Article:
The informal procedure may not be appropriate due to the nature of the harassment or bullying or because you do not feel able to talk directly to the person creating the problem. In these cases or where the informal procedure has been unsuccessful, you should raise your complaint in writing to Karolina Grasela
• Your written complaint should set out full details of the conduct in question, including the name of the harasser or bully, the nature of the harassment or bullying, the date(s) and times of alleged incidents, the names of any witnesses and any action already taken by you to stop the alleged harassment.
42.11 Formal investigations
Complaints will be investigated in a timely and confidential manner to establish details of what happened. Individuals not involved in the complaint or the investigation should not be told about it.
Consideration will be given to whether the alleged harasser or bully should be suspended on full pay pending the outcome of the investigation.
At the outset of the investigation, you will be invited to attend a meeting to discuss your account of the events leading up to your complaint. You may be accompanied by a colleague or a trade union representative of your choice as long. We may arrange further meetings with you as appropriate throughout the investigation and/or at its conclusion.
We will also meet with the alleged harasser or bully who may be accompanied by a colleague or trade union representative. They have a right to be told the details of the allegations against them, so that they can respond. It may also be necessary to interview witnesses to any of the incidents mentioned in your complaint. If it is necessary to interview witnesses, the importance of confidentiality will be emphasised.
Where your complaint is about someone other than a member of staff, such as a supplier, or visitor, we will consider what action may be appropriate to protect you and anyone involved pending the outcome of the investigation, bearing in mind the reasonable needs of the business and the rights of that person. Where appropriate, we will attempt to discuss the matter with the third party.
We will also seriously consider any request that you make for changes to your own working arrangements during the investigation. For example, you may ask for changes to your duties or working hours so as to avoid or minimise contact with the alleged harasser or bully.
Within one week of the conclusion of the investigation, we will report the outcome and our findings to you in writing.
If we find that harassment or bullying has occurred, prompt action will be taken to address it. Where the harasser or bully is an employee, the findings will be dealt with under our Disciplinary Procedure. Consideration will be given to whether the harasser or bully should be disciplined, dismissed or subjected to other action.
Where the harasser or bully is a third party, appropriate action might include putting up signs setting out acceptable and unacceptable behaviour; speaking or writing to the person and/or their superior about their behaviour; or, in very serious cases, banning them from the premises or terminating a contract with them.
Even where a complaint is not upheld, consideration will be given to how the ongoing working relationship between you and the alleged harasser or bully should be managed. It may be appropriate to arrange some form of mediation and/or counselling, or to change the duties, working location or reporting lines of one or both parties.
Any employee who is found to have deliberately provided false information or to have acted maliciously or in bad faith may face disciplinary action, which could result in dismissal for gross misconduct. We reserve the right to terminate our contractual relationship with other workers if they breach this policy.
1) If the complaint has not been resolved to your satisfaction you may appeal in writing to Alexandr Vreme, stating your full grounds of appeal, within one week of the date on which the decision was sent or given to you.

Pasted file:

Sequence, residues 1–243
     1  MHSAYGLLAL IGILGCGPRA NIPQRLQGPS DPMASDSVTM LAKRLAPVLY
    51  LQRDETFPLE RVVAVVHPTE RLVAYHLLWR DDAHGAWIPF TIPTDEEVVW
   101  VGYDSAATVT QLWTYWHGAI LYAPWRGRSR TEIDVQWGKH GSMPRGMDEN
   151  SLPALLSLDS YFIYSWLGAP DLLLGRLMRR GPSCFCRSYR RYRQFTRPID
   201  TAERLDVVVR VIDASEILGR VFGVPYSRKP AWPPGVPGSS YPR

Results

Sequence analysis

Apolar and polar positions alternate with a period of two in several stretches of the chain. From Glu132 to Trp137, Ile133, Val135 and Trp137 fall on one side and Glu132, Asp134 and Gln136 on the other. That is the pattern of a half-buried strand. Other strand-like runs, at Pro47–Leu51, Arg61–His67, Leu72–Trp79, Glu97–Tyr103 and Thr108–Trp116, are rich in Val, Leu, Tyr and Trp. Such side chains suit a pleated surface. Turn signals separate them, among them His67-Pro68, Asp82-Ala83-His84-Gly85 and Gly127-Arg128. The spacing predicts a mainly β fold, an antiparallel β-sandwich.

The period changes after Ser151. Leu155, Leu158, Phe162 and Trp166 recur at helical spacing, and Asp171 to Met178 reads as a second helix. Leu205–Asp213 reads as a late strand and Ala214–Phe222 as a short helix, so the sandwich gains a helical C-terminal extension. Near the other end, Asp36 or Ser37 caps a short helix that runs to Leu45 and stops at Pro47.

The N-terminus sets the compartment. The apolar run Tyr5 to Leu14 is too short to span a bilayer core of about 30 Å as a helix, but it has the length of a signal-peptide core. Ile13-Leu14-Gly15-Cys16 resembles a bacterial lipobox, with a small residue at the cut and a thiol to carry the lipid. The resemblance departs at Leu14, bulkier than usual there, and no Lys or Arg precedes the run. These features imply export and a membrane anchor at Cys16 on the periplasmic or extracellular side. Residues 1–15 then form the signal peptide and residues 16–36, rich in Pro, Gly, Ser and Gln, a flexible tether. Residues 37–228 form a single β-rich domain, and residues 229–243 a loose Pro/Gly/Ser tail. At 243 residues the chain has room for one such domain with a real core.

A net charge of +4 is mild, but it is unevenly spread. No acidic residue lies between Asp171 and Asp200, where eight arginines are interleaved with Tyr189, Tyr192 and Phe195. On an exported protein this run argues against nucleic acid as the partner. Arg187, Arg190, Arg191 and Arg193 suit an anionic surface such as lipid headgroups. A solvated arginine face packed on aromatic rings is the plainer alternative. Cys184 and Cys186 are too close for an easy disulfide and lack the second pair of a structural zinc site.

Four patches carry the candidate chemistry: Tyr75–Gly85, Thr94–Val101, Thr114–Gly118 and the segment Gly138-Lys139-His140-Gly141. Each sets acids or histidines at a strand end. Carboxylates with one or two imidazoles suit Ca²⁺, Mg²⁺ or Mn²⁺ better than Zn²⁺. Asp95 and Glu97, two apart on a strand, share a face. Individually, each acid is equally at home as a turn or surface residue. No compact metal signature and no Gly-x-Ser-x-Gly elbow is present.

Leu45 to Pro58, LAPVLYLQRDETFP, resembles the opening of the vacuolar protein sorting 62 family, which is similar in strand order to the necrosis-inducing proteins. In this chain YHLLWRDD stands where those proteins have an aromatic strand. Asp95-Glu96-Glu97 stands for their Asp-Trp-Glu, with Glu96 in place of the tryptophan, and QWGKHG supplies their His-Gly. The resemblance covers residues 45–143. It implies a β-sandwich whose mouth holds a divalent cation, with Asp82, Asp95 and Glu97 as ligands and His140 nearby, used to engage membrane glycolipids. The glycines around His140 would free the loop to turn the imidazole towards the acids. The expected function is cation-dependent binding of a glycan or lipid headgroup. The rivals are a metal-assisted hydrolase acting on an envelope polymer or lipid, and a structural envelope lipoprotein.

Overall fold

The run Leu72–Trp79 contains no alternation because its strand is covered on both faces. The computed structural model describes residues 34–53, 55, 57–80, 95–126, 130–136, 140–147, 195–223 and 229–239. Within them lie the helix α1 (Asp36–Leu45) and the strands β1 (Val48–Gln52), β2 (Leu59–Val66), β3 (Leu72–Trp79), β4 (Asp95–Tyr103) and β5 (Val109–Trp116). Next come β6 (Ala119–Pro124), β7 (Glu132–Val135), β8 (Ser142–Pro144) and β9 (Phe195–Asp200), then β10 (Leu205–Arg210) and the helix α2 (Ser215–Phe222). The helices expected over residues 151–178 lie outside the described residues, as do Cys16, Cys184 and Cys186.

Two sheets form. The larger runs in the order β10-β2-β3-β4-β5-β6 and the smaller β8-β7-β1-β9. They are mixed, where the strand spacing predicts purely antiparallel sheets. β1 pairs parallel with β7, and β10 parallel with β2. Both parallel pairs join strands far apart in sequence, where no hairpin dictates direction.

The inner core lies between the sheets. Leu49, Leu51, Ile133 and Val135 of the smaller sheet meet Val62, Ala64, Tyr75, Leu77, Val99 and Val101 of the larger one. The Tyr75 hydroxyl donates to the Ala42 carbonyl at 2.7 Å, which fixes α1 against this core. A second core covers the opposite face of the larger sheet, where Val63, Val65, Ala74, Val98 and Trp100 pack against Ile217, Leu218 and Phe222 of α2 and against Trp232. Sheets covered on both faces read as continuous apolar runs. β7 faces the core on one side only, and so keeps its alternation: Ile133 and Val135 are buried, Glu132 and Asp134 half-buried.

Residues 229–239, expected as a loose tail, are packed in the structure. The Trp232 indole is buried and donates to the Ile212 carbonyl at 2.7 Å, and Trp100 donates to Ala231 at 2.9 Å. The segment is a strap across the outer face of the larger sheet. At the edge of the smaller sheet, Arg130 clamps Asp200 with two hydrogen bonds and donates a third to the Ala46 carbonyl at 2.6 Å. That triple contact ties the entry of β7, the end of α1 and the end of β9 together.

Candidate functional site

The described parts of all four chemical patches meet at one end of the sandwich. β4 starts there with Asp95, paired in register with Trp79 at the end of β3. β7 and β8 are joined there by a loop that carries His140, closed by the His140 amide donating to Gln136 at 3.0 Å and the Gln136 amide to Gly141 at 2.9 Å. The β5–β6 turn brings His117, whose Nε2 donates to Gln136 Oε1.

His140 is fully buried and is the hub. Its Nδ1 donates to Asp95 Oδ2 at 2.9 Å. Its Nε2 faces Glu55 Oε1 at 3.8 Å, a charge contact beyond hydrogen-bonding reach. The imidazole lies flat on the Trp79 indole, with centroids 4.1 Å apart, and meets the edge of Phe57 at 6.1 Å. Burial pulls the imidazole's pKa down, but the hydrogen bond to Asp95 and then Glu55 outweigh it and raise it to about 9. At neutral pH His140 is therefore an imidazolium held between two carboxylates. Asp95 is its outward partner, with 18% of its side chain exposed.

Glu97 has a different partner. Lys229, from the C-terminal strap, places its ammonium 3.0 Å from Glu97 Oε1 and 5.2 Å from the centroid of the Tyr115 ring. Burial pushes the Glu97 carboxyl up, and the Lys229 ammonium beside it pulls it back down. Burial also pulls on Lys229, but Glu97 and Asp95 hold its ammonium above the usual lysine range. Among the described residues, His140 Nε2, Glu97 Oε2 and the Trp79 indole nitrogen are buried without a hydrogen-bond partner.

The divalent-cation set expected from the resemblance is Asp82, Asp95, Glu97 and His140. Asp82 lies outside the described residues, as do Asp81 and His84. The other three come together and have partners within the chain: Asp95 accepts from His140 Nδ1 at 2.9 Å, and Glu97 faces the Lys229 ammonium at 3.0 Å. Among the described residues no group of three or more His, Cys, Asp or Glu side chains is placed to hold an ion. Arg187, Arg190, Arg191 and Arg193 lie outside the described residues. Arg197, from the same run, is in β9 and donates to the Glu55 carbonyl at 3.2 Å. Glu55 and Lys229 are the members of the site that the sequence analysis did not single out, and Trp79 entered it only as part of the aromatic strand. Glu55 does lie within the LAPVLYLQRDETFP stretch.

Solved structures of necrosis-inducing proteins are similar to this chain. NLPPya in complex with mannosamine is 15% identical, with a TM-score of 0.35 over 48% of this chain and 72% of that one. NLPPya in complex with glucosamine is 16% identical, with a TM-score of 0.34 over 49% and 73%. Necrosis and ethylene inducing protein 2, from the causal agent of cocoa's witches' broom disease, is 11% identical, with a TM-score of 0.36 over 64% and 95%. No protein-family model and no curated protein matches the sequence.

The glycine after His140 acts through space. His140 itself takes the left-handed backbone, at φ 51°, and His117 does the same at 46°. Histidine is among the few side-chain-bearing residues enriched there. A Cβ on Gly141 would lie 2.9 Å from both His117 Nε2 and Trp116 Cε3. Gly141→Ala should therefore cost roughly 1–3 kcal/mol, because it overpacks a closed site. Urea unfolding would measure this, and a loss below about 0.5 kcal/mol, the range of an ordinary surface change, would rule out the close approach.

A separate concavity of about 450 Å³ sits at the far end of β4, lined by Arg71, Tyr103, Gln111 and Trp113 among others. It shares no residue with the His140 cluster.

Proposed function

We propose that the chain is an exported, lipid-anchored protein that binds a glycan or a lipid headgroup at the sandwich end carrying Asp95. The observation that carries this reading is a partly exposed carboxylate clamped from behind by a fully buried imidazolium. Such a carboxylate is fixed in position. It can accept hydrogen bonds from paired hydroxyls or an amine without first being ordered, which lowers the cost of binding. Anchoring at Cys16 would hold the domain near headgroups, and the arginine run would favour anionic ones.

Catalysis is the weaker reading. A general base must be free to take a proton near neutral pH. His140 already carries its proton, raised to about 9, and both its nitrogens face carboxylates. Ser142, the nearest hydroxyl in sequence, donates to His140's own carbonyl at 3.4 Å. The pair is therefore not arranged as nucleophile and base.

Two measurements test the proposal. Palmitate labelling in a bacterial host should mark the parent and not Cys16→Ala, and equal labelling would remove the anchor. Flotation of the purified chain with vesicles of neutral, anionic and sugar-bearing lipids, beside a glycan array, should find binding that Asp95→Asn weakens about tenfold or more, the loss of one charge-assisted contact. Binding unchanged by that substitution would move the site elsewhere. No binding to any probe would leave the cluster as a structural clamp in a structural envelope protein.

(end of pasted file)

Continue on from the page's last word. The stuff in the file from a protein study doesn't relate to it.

2) It may be necessary, because of the size of our organisation, for the appeal to be heard by the person who took the original decision and it is therefore important that your appeal is detailed. Alternatively at our discretion we reserve the right to call in a third party who has not been involved in the original decision to hear your appeal.
3) We will hold an appeal meeting, normally within one week of receiving your written appeal. You may bring a colleague or trade union representative to the meeting so long as that colleague is not a witness.
4) We will confirm our final decision in writing, usually within one week of the appeal hearing. This is the end of the procedure and there is no further right of appeal.
42.13 Protection for those making complaints or assisting with an investigation
1) If you make a complaint or participate in good faith in any investigation conducted into alleged harassment or bullying you will be protected from any form of retaliation, intimidation or victimisation.
2) If you consider that you have suffered any such treatment you should seek support from us. If you are an employee you may alternatively or additionally raise a complaint in writing under either this procedure or our Grievance Procedure.
3) Any employee who is found to have retaliated against or victimised someone for making a complaint or assisting in good faith with an investigation under this procedure may face disciplinary action, which could result in dismissal for gross misconduct. We reserve the right to terminate our contractual relationship with other workers if they breach this policy.
42.14 Confidentiality and Data Protection
Confidentiality is an important part of the procedures provided to deal with harassment and bullying. Whether making a complaint or because you are involved in an investigation, everyone is responsible for observing the high level of confidentiality required. Details of the investigation and the names of the person making the complaint and the person accused must only be disclosed on a “need to know” basis.
Any employee who breaches confidentiality may face disciplinary action, which could result in dismissal for gross misconduct. We reserve the right to terminate our contractual relationship with other workers if they breach this policy.
Information about a complaint by or about an employee may be placed on the employee’s personnel file, along with a record of the outcome and of any notes or other documents compiled during the process. These will be processed in accordance with our Data Protection Policy.